Peter Loew in Vampire’s Kiss As A Forerunner of Patrick Bateman

The 1980s were a liberal time, though it might not have seemed so as it was happening. Smoking in offices, calling women cunts openly and biting people’s necks at Tunnel are just some of the examples exhibited in Robert Bierman’s Vampire’s Kiss.

Channeling Bateman as a literary agent
Channeling Bateman as a literary agent
The hero of the story, Peter Loew (Nicolas Cage, showcasing an incomprehensible accent), is in so many respects an obvious forerunner for the character that would ultimately become Patrick Bateman. It’s easy to believe Bret Easton Ellis, who published American Psycho in 1991, may have taken in a showing of Vampire’s Kiss when it first came out in 1989. Although Ellis would later state that Bateman was based on his father, Loew as a genesis to this iconic character is not implausible.
Psycho
Psycho
As a more than mildly sleazy literary agent living in New York, Loew immediately comes across as a hollow carapace merely searching for one-night stands as a means to distract himself from his quintessential 80s emptiness. Like Bateman, he tends to treat women as disposably as tissue paper. Except the one woman he should treat as such, Rachel (Jennifer Beals, in one final shining moment post-Flashdance), the vampire who bites him and turns him into a Bateman-esque psycho.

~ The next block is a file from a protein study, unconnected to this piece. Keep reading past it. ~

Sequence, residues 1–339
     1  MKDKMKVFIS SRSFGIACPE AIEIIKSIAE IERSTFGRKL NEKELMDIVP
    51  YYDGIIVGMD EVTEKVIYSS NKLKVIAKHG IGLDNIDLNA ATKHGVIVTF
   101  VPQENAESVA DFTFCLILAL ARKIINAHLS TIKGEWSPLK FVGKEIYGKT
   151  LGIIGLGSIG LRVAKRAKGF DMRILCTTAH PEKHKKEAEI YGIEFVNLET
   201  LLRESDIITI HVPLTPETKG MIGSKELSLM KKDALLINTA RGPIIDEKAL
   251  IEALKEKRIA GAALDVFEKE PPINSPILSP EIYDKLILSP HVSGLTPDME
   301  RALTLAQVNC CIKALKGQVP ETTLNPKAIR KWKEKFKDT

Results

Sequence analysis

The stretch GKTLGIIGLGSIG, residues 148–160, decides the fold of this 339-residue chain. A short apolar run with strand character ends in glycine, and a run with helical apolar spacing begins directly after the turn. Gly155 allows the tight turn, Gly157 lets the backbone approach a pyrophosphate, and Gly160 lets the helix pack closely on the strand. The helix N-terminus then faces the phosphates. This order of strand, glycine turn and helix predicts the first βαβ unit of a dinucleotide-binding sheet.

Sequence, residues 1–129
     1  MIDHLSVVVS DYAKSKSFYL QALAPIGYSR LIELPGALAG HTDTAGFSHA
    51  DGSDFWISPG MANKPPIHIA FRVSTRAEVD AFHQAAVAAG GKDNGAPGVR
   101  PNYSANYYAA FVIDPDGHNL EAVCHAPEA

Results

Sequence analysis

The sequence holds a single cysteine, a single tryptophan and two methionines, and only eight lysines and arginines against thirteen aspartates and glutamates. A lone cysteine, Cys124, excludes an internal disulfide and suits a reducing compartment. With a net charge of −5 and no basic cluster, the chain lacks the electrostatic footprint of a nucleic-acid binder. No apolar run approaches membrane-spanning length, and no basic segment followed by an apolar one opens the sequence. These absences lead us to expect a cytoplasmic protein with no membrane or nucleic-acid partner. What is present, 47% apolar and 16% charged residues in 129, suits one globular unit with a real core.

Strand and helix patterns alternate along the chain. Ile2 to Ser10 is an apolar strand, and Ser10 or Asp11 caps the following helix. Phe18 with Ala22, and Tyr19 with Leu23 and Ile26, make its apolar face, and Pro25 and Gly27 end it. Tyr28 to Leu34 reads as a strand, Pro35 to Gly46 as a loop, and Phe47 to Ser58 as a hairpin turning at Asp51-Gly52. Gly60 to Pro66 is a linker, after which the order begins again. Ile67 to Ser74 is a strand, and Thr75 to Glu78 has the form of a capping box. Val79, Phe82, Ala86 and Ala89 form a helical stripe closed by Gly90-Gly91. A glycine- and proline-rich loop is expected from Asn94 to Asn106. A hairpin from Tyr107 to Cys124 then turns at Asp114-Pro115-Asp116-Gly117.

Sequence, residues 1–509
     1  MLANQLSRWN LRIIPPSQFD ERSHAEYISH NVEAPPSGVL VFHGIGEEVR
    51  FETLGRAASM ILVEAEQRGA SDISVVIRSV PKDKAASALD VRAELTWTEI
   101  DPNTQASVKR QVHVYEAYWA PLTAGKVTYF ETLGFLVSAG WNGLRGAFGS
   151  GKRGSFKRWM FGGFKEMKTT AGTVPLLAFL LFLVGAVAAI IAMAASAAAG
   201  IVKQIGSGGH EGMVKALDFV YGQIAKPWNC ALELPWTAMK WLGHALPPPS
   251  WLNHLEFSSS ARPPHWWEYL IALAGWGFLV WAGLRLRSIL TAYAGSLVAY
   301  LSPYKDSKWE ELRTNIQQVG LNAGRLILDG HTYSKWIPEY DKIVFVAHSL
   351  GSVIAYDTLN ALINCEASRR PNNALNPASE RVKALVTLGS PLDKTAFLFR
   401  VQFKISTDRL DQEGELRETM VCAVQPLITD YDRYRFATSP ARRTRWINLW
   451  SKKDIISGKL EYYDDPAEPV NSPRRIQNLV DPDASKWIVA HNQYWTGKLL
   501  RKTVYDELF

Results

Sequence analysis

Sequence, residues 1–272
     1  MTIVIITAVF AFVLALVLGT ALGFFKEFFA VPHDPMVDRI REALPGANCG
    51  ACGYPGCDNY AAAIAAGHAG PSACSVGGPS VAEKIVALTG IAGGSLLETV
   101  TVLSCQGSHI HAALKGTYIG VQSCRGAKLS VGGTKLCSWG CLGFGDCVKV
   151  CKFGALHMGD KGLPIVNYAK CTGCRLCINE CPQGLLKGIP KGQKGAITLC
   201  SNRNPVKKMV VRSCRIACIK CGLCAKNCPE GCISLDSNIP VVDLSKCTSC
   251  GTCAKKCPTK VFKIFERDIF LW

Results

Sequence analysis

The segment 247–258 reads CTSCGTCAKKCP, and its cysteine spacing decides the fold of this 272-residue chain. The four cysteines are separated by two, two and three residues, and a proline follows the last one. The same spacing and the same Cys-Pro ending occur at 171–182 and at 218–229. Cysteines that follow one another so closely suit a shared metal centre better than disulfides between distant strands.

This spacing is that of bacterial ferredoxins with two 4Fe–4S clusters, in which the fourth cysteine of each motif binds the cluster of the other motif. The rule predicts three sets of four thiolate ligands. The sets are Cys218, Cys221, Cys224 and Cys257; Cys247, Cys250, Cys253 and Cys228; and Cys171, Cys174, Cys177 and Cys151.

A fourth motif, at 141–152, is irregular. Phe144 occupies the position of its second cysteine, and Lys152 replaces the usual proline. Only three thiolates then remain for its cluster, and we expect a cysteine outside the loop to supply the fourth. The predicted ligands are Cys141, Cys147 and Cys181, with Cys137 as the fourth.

Bateman dilemmas
Bateman dilemmas
The similarities continue with specific regard to the way Loew and Bateman act toward their respective secretaries, Alva (Maria Conchita Alonso) and Jean (Chloë Sevigny). Both women are used as emotional punching bags for their boss’ strange psyches, becoming overly obsessed with bizarre minutiae–in Loew’s case the finding of a file that contains one of their author’s past contracts.

Moreover, what Vampire’s Kiss and American Psycho share in common more than anything is a cartoonish nature, though American Psycho‘s parody of 80s life was probably more intentional. Case in point of this over the top style is at the end of Vampire’s Kiss when Loew confesses to his therapist that he raped his secretary last week and she responds, “It was just your id lashing out.” At the end of each tale, you’re left wondering what was real and what was imagined in the mind of these two delusional men, both products of a decade that may have seen New York City at its most dystopian.

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